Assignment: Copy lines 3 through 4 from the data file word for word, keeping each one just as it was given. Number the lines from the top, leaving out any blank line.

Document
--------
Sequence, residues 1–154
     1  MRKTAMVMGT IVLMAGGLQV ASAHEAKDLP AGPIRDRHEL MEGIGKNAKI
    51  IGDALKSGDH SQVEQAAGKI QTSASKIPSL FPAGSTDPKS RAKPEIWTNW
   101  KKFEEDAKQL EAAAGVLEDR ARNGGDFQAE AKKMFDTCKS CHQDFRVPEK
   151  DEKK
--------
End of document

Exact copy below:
    51  IGDALKSGDH SQVEQAAGKI QTSASKIPSL FPAGSTDPKS RAKPEIWTNW
   101  KKFEEDAKQL EAAAGVLEDR ARNGGDFQAE AKKMFDTCKS CHQDFRVPEK